Of course, you shouldn’t take on additional debt that you don’t need just to try to raise your credit score. After all, your so-called “credit mix” only accounts for 10% of your total credit score anyway. It does, however, mean that you shouldn’t be concerned about taking on auto loans or home mortgages if they’re part of your overall financial plan.
Although lenders like to see a diverse mix of credit accounts on your report, repeatedly applying for new accounts can be damaging to your score. Hard credit inquiries, which are triggered when you actually apply for new credit, can remain on your credit report for up to two years and count for 10% of your total credit score. While credit inquiries, which fall under the scoring category of “New Credit,” are minimally important to your score overall, you’ll likely get dinged a few points for each inquiry you make. Of course, if you’re making lots of inquiries over a short period of time, this may suggest to lenders that you’re in financial distress, which is never a plus when you’re looking for new credit.
You might think that if you never borrow any money, you’ll have a spotless credit history and a perfect credit score. Unfortunately, that’s not how credit scoring works. In order to prove to lenders that you’re a good credit risk, you’ve got to demonstrate that you have the ability to borrow money and pay it back. This means that you need some open accounts on your credit reports, whether they are credit cards, personal loans or installment loans. Until you show that you can take on debt and manage it responsibly, lenders won’t be able to determine whether or not they should extend you any credit.
Of course, this begs the question of how you can start to build a credit history if you can’t get any credit. One option to start with is a secured credit card, which requires a cash deposit equal to your credit line. After a certain period of making payments on time, such as one year, your lender may extend you unsecured credit. An auto loan can also be a good first credit account, particularly if you co-sign with a more established borrower.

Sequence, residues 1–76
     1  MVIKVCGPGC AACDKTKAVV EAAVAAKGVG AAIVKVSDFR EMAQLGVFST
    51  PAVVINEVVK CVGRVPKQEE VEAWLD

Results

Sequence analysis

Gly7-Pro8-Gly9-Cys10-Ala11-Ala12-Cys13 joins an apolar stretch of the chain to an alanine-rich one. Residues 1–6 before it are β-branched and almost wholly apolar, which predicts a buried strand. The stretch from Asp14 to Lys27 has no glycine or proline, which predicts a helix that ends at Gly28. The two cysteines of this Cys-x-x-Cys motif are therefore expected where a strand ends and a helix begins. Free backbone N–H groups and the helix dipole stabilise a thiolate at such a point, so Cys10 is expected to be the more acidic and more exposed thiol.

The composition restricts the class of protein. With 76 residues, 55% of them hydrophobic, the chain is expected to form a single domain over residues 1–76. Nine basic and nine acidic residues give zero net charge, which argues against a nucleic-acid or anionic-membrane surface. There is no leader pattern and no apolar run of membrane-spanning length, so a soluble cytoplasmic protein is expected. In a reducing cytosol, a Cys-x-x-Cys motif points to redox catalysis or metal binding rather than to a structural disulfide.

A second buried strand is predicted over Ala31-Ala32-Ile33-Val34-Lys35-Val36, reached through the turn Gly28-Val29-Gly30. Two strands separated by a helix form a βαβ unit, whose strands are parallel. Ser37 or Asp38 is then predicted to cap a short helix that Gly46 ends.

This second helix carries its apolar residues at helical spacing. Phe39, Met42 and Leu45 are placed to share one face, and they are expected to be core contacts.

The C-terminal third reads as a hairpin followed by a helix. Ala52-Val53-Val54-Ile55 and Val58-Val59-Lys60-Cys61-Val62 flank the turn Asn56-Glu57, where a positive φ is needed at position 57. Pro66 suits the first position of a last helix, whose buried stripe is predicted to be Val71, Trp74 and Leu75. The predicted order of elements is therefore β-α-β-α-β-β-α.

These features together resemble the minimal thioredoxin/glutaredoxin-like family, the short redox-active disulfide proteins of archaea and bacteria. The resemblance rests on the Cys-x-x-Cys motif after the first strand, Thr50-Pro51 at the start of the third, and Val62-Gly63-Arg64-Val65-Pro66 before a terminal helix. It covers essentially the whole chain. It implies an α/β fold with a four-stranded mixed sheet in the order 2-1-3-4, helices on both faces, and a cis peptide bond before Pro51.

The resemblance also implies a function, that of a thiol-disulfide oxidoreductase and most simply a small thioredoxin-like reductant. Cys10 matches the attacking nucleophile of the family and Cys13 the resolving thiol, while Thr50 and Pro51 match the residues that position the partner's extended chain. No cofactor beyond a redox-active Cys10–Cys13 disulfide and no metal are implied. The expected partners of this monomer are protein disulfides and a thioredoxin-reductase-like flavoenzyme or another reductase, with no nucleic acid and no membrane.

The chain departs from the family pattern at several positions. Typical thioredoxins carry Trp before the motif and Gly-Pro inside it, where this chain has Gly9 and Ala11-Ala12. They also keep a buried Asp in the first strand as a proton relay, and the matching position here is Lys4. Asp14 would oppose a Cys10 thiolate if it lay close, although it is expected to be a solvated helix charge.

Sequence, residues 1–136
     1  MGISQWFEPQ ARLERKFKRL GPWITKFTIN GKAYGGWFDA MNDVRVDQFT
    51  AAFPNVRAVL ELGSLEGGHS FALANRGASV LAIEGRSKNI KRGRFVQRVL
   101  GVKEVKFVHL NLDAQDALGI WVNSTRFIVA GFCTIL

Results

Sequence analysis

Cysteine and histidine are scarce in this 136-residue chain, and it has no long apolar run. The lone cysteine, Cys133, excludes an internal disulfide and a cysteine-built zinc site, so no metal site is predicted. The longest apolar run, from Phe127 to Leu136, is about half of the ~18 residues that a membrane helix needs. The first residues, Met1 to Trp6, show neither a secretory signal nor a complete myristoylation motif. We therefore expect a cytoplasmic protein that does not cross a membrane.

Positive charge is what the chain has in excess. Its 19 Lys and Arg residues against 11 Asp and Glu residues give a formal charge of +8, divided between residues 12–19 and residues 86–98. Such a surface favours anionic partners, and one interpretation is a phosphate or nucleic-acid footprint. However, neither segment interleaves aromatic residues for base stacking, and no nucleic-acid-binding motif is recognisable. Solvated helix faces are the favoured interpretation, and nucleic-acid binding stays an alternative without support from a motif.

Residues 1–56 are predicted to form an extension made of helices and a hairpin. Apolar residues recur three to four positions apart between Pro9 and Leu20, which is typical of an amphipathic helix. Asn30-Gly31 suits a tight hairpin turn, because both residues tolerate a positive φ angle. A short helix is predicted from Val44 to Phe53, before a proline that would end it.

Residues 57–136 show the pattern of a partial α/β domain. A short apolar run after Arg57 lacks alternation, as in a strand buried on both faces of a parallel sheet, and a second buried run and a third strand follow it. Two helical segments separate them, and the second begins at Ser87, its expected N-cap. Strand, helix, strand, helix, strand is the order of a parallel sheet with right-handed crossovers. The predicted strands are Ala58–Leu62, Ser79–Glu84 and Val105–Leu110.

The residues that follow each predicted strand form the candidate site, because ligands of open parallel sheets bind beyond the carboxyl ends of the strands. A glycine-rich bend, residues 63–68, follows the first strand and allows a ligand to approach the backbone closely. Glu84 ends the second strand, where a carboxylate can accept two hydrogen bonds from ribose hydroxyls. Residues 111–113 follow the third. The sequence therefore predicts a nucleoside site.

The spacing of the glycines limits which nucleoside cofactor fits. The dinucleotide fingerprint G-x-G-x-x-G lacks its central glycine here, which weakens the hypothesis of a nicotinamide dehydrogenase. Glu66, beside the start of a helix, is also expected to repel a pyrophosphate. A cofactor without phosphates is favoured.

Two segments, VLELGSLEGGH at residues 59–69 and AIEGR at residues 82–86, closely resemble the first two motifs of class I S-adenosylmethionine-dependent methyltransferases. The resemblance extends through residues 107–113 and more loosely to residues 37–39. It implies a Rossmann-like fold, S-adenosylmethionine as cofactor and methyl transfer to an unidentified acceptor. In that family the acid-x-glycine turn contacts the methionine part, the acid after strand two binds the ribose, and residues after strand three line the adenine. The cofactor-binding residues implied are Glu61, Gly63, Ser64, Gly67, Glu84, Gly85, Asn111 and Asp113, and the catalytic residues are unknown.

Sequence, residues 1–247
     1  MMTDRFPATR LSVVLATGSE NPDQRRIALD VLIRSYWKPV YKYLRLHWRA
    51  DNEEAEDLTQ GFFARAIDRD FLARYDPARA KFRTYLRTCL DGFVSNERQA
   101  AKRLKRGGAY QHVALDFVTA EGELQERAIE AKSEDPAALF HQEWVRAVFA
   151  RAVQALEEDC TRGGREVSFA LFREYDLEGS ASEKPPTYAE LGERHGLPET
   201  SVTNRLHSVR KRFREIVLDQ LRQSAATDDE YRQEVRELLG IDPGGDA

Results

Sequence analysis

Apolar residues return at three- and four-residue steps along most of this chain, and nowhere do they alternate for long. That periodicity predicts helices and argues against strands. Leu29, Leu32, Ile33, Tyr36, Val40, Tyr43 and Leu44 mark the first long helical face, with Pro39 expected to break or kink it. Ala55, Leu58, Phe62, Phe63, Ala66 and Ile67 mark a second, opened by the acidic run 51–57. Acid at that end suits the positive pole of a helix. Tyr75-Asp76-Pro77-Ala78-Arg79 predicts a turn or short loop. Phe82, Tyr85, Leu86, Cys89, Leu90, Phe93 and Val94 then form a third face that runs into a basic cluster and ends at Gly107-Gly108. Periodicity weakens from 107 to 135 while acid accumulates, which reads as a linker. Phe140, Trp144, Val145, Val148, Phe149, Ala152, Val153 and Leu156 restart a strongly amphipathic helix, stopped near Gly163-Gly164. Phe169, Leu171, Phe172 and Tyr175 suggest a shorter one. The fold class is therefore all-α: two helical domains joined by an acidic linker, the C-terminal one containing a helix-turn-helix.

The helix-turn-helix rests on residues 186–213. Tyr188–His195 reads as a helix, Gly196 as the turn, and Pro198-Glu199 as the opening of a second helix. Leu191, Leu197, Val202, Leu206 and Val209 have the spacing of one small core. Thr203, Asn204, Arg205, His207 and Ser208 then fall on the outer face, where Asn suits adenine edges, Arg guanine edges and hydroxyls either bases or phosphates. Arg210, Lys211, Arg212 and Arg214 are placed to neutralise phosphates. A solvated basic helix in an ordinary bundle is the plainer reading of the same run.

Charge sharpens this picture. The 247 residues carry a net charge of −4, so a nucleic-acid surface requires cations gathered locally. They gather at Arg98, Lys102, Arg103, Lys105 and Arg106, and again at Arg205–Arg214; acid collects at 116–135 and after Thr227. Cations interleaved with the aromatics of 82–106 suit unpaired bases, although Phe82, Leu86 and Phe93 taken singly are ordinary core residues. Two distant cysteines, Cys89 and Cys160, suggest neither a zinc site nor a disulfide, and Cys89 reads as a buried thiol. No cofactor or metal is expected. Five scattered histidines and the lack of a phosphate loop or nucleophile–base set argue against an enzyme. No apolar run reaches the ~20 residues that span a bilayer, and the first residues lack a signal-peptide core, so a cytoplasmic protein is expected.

Short Credit History
Merely opening a new credit account isn’t enough to push your score up into the 800 range right away. The length of your credit history actually counts for 15% of your credit score. There are three components to your length of credit history: the average age of your accounts, the age of your oldest account and the length of time since you opened your last account. Basically, the longer your accounts are open, and the longer the period of time since you opened a new account, the better your credit score will be. Therefore, experts recommend that you don’t close any old accounts unless necessary, particularly if they are no-fee accounts.
In order to keep your credit in good standing, you’ll have to use your accounts from time to time. This doesn’t mean that you should run up debts on all of your credit cards and only pay the minimum balance. But it does mean that if you don’t use your credit, you may lose it. If you haven’t used your credit cards for a period of time, your lenders may designate them as inactive and close your accounts. This can hurt in two ways. First, since the length of your credit history makes up 15% of your score, losing old-age accounts may knock you down a few points. Second, if your accounts are closed, the amount of your available credit shrinks. If you have any outstanding balances, this will increase your credit utilization. Since credit utilization is the second-most important factor in credit scoring, it could have a more significant impact.
Joint debts are in the names of two or more people, and they show up on the credit reports of each individual involved. While having a joint debt in and of itself is not a problem, it does mean that you are trusting your partners on the debt to act responsibly. Since joint debts are the equal responsibility of all partners, if any one person fails to make a payment, it affects the credit reports of all involved parties. For example, let’s say you open a joint credit card with your husband. If he promises to make all the payments and fails to do so, it will hurt your credit report just as badly as his, even if you’re not personally responsible for running up any of that debt. Of course, the opposite is also true. Even if you don’t make any of the payments on that card, any positive credit history will also reflect on your personal credit report.